Dr. Ali Bacher is recognised as the moving force behind South Africa's return to international cricket. His role as the Managing Director of the United Cricket Board of South Africa is a new one. His main work which lay first in organising rebel tours later switched to the more important one of hastening the acceptance of South Africa's return.
It is easy to spot Dr. Ali. He is simply the busiest person in Johannesburg. He ran from pillar to post to get South Africa back into the fold and since then has been more active in organising international cricket for New South Africa, first in India, then in the World Cup and then in the Caribbean. His most important assignment may be the organisation of this tour of South Africa by the Indian cricket team.
Sportstar approached him with a questionnaire that he replied to despite the crushing demands on his time. There may be no happier person in Jo'burg than Dr. Bacher. After all, he was the captain of South Africa's most victorious team in Test cricket. Now he is the main force behind international cricket coming back to South Africa with the blessings of the ICC.
What is your perception of the general mood of cricket lovers in South Africa? Are they overjoyed at being able to receive a visiting team after so many years?
The mood of cricket lovers in South Africa towards the coming historic tour by India is one of great anticipation and excitement. Due to the time zone differences, South Africans had to wait up to all hours to watch the matches in India on television and the country virtually came to a standstill. So one can just imagine what the response is going to be for the tour in South Africa.
Is there any reason at all to believe there are any reservations regarding the cricket tour? Are all sections of South African public welcoming this tour by India?
The unification of cricket under the United Cricket Board of South Africa has for the first time brought all cricket supporters together behind the national team and behind this first official tour since the granting of membership to South Africa by the International Cricket Council last July. There might be a few reactionary members of the public who are against the tour. But by far and away the vast majority of South Africans fully support the tour.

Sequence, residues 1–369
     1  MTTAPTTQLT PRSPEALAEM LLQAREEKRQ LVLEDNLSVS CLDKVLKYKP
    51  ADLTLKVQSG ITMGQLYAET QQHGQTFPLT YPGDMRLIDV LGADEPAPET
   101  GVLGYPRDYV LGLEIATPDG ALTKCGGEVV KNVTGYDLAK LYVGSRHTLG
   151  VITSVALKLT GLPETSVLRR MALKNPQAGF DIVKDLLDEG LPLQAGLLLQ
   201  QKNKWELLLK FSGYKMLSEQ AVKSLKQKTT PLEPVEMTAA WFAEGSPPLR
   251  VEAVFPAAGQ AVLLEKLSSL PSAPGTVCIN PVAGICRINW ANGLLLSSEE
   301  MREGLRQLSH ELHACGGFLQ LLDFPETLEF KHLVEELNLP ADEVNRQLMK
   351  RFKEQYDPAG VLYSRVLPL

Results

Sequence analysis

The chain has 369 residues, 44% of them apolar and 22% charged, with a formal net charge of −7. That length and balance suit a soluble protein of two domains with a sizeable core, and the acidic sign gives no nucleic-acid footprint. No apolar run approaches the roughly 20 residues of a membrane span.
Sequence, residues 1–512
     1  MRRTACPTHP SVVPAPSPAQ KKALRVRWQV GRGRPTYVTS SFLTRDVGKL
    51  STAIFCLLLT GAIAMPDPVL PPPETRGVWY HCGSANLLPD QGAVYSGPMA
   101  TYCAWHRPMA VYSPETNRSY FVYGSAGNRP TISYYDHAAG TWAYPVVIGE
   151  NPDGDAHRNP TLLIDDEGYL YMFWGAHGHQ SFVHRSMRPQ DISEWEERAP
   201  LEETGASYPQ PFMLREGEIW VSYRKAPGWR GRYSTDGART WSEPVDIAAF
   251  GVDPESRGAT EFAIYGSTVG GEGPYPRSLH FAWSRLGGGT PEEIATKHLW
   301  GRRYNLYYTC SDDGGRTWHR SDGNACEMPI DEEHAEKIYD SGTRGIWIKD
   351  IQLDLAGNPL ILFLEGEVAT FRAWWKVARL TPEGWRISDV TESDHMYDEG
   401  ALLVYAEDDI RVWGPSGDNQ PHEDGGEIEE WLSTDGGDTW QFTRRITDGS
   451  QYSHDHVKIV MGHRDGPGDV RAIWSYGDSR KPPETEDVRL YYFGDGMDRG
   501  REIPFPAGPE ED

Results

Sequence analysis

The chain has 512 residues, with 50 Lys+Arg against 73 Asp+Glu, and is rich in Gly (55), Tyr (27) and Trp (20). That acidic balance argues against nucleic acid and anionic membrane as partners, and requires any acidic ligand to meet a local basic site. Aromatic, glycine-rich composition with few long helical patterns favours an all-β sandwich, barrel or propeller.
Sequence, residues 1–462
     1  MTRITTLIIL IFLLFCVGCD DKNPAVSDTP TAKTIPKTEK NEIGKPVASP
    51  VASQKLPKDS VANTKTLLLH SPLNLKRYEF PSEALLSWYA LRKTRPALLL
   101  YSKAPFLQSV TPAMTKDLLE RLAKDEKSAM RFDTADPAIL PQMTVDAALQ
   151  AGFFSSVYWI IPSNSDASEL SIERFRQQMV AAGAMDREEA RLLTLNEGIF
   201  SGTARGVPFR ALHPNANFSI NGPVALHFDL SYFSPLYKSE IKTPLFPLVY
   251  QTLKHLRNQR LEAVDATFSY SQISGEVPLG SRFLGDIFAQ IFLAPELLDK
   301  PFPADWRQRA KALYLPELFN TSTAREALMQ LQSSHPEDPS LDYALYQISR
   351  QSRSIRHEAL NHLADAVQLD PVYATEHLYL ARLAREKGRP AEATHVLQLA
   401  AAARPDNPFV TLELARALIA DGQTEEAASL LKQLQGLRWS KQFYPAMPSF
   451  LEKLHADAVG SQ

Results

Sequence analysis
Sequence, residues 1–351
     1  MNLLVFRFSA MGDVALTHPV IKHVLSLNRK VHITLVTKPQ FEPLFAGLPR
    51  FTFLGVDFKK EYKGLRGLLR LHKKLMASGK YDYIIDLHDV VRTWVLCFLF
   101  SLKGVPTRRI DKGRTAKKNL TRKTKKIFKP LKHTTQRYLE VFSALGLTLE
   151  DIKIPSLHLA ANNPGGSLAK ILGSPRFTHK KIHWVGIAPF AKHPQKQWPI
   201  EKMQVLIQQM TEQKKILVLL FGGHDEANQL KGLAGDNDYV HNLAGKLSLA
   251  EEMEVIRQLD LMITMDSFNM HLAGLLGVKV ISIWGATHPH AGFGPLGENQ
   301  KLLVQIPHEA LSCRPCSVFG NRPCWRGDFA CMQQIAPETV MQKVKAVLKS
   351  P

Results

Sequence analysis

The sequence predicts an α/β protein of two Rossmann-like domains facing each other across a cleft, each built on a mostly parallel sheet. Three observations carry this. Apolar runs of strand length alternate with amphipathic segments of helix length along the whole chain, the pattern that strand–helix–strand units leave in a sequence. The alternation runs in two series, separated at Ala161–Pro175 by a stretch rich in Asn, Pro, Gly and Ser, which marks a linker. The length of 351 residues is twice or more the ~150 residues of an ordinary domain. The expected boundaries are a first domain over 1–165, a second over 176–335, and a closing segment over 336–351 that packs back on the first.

You must have been overwhelmed by the public response to the South African cricketers landing in India. Do you believe the Indians can expect such spontaneous response there? What plans are being made for their being received on arrival from Harare?
The warmth and magnitude of the welcome the South African cricket team received in India was, according to international observers, unprecedented in world cricket. Whether we can match that is debatable, but I know that the whole of South Africa is just waiting to extend the hand of friendship and gratitude to the Indian team. I have been inundated with requests from people wanting to play host to the team, and our problem is how to strike a proper balance between South Africa's hospitality and the cricketing needs of the Indian team.
There has been criticism from a few quarters that the programme is heavily laden in favour of the more advanced areas of South Africa. Will the Indian tourists be able to help the development of South African cricket by visits to township cricket programmes, etc? Are there any plans in this regard?
One of the main objectives of the United Cricket Board of South Africa is its development programme. This has four aims: to broaden disadvantaged communities; to redress the imbalances in cricket caused by apartheid; to use cricket to help bring about a non-racial and democratic society in South Africa. The tour by India is going to be a mighty boost to all four of these aims. On the question of facilities in the black townships alone, we are putting aside a significant amount of the proceeds from the tour into multipurpose sports centres in the townships. The presence of the Indian team with its young stars is going to be an inspiration to our youth, especially those who are coming into cricket through our development programme in their hundreds from disadvantaged communities. We have also made arrangements for the Indian team to see the programme at work in the townships and to assist at coaching clinics where possible.
What sort of playing conditions can the Indian team expect in South Africa? Will their special diet requirements be taken care of?
Playing conditions in South Africa are among the best in the world, with fair wickets that give batsmen and bowlers equal chance. Test venues vary from high altitude (Johannesburg at 6000 ft.) to sea level. There are several outstanding day-night venues, a form of the game which has proved enormously popular in South Africa. Special planning has gone into meeting the needs of the Indian team, including diet requirements.
Is there any reason at all to believe that special security arrangements will be necessary for the smooth conduct of the tour?
The security of the team in South Africa is assured, and there is no need for extraordinary measures; except perhaps to keep the well-wishers from overwhelming the team.
Certain problems cropped up during the Australians' rugby tour. Do you believe any of it will spill over to the cricket?